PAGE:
SODVILLE, TEXAS. Sodville is at the intersection of Farm roads 1074 and 1944, seven miles south of Sinton and four miles west of Taft in southern San Patricio County. In the early 1900s the George H. Paul Land Company divided up ranchlands in the area and sold them as farms. According to some sources, real estate agents were the first to refer to the farmlands west of Taft as Sodville. In 1908 the Sodville schoolhouse was built; a Union Sunday School shared the building. By 1910 a store was operating in the community, and by 1912 two gins had opened there. In 1914 the Sodville Baptist Church was organized, and in 1916 its members constructed a building. Sodville became an independent school district in 1920, and at one time the district had more than 300 students enrolled. By the 1930s Sodville had an estimated fifty residents and three businesses. A new brick schoolhouse was built there in 1938. The school district was consolidated with Sinton in 1947, and the Sodville Baptist Church disbanded in 1961 because of declining membership. In the 1980s Sodville was a dispersed rural community with an estimated population of forty.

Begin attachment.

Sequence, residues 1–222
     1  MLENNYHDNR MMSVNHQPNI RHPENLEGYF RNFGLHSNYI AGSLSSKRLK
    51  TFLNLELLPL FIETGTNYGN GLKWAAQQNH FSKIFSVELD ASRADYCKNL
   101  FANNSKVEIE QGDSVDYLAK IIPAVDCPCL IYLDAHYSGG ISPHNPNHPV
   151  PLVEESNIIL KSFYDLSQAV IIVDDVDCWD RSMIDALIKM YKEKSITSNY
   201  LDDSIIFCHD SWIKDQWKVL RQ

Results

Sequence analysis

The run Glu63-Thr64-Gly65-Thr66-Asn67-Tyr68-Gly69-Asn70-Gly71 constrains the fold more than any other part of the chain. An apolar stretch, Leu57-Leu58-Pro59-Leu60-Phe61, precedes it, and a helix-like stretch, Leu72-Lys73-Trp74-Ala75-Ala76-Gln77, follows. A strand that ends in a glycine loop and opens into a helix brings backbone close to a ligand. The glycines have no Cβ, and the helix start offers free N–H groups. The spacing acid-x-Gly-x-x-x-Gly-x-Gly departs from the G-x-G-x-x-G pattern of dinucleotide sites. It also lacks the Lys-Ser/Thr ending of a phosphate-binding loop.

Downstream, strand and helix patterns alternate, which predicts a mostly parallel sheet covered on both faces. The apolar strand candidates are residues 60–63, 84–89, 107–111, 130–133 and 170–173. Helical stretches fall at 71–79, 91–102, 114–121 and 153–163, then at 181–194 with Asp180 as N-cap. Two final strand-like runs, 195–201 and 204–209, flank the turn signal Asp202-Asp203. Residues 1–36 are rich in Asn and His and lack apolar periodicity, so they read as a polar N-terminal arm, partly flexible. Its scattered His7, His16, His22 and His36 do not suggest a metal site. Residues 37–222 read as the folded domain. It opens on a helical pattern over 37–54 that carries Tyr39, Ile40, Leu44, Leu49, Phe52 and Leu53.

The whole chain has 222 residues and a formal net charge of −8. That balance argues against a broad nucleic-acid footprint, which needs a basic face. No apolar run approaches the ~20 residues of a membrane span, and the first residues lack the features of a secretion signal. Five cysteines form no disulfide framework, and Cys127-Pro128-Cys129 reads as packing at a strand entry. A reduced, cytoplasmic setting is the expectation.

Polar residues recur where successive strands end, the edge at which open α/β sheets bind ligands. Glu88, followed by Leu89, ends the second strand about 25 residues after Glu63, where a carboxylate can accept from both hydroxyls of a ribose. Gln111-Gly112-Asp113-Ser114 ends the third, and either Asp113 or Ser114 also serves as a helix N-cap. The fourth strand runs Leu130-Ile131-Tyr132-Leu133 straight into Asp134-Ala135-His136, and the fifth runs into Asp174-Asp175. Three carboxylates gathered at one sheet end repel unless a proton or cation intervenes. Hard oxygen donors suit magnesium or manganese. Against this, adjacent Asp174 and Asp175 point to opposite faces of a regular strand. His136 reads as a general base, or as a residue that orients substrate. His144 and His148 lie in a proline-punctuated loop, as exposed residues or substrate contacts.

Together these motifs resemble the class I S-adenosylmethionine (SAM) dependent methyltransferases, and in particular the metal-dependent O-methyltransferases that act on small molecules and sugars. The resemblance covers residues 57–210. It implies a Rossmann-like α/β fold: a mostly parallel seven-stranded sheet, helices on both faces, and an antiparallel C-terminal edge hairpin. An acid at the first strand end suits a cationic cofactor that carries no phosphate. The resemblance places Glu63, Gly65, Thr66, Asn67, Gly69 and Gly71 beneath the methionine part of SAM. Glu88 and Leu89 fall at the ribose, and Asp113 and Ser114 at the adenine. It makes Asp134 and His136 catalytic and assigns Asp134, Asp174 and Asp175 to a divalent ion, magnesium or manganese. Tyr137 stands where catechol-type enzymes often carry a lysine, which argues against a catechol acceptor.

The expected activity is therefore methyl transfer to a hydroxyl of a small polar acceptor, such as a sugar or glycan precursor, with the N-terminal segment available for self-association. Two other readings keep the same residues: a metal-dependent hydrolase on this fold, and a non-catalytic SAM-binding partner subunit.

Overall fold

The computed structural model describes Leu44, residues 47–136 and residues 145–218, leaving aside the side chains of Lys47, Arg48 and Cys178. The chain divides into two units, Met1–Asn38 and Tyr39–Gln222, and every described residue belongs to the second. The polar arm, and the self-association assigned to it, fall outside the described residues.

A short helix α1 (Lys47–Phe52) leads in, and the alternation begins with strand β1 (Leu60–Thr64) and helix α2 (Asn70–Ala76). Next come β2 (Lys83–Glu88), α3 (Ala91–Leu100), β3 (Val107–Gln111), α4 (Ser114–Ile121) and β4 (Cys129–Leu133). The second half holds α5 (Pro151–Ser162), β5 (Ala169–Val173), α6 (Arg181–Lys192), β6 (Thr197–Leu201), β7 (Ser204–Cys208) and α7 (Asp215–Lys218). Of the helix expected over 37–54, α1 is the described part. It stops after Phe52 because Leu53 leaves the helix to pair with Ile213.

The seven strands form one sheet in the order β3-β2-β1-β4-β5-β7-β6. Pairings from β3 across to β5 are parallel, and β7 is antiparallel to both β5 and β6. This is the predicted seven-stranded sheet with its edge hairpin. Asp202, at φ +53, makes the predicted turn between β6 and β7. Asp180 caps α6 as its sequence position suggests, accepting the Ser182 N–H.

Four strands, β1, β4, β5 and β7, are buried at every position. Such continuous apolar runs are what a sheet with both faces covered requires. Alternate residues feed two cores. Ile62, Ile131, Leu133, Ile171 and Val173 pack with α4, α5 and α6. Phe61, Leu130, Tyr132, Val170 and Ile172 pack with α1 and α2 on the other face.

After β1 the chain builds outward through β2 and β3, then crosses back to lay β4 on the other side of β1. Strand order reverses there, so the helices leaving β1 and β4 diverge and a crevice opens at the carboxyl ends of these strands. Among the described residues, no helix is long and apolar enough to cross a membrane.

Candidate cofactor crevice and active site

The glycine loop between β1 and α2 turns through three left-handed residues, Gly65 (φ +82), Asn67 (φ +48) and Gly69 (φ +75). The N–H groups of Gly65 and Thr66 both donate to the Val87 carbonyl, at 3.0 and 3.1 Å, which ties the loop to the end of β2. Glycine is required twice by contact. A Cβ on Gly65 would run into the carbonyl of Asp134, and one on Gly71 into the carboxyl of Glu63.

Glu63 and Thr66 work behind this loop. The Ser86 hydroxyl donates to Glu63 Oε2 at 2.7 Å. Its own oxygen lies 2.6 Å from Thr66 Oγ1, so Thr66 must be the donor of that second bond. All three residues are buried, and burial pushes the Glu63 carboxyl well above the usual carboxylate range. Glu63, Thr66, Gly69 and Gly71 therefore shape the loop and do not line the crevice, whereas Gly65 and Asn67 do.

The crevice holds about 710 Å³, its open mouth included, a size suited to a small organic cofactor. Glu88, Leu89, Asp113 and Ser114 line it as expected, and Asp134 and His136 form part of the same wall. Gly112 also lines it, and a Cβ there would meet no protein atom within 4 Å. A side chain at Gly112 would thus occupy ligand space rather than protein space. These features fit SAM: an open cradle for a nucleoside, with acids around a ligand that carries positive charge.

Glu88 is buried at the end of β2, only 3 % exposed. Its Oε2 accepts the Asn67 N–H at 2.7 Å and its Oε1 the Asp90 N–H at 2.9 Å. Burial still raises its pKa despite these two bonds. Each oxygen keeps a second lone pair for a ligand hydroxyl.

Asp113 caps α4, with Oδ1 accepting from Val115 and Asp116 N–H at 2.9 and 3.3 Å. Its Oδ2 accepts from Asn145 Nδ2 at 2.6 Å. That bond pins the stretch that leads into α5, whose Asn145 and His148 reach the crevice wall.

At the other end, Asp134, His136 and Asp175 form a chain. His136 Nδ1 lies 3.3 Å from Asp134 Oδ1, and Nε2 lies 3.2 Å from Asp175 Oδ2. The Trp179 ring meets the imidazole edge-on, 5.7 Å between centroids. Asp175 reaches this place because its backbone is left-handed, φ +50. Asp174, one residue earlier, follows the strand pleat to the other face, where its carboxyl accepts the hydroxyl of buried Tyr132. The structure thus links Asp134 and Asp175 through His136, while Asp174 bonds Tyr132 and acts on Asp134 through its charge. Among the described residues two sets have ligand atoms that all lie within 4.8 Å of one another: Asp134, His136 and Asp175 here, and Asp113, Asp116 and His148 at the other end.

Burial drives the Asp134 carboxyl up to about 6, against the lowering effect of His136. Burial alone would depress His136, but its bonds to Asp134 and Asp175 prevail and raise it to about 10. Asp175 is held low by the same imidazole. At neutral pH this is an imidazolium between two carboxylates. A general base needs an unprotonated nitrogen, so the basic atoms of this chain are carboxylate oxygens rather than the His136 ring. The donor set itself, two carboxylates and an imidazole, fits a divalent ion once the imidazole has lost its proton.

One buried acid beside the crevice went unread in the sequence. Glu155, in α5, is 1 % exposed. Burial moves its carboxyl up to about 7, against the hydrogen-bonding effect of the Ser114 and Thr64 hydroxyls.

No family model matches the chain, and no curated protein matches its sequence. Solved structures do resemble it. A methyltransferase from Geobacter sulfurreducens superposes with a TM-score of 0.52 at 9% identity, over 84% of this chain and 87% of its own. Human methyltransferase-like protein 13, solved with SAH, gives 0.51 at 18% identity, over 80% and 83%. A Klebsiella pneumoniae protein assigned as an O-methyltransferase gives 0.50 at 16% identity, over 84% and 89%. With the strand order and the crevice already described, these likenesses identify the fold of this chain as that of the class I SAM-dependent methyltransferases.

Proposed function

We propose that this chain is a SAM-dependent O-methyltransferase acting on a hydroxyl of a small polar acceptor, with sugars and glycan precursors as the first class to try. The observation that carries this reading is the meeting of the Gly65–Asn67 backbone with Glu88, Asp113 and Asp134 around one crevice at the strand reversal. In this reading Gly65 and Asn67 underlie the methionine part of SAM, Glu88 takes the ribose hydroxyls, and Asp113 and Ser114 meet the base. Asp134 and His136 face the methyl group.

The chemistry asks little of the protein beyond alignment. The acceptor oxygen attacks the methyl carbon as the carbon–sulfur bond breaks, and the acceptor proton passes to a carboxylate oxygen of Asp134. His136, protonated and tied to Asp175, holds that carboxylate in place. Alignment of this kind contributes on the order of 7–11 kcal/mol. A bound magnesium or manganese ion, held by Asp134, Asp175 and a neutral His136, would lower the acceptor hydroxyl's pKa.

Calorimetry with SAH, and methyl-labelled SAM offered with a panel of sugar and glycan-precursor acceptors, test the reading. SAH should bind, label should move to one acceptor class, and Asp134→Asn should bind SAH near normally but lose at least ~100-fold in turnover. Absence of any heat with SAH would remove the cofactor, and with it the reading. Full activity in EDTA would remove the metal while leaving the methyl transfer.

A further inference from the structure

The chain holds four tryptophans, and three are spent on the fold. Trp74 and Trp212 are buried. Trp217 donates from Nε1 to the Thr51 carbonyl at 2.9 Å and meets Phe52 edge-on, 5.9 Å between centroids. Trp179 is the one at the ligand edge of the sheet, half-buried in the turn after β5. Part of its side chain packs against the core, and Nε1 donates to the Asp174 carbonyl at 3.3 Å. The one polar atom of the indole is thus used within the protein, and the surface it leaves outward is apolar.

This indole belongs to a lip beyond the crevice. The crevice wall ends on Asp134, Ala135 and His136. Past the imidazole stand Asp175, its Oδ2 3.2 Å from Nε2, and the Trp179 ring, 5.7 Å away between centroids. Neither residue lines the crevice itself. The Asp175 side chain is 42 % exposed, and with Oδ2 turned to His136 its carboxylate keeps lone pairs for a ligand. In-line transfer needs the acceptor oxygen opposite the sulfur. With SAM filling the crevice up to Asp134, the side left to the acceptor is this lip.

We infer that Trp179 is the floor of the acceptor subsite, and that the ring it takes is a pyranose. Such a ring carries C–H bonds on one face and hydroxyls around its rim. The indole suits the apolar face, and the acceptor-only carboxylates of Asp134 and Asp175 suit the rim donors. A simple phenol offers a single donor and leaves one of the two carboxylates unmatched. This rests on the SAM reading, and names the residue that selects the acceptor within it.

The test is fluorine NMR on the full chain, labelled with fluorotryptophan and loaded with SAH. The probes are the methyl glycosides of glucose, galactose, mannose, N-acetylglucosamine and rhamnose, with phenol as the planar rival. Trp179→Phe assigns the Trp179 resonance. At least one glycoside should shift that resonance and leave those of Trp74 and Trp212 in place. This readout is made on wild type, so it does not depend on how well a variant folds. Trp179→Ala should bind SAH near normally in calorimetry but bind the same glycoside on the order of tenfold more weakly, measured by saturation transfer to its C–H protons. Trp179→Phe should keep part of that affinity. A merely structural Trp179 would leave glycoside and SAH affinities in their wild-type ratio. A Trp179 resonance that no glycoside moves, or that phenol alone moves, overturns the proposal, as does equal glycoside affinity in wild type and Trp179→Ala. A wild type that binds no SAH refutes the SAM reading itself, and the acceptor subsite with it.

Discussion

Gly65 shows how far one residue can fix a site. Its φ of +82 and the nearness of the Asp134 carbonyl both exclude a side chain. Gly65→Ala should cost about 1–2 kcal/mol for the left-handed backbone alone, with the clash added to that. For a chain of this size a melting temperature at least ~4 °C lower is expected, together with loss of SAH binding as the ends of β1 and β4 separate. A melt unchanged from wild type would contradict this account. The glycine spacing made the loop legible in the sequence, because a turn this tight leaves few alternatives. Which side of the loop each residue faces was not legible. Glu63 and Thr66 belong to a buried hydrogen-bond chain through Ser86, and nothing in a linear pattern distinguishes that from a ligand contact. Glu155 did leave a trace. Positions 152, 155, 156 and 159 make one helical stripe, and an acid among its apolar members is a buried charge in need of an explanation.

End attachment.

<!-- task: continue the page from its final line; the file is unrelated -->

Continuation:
Keith Guthrie, History of San Patricio County (Austin: Nortex, 1986).
The following, adapted from the Chicago Manual of Style, 15th edition, is the preferred citation for this article.Mark Odintz, "SODVILLE, TX," Handbook of Texas Online (http://www.tshaonline.org/handbook/online/articles/hns59), accessed December 25, 2014. Uploaded on June 15, 2010. Published by the Texas State Historical Association.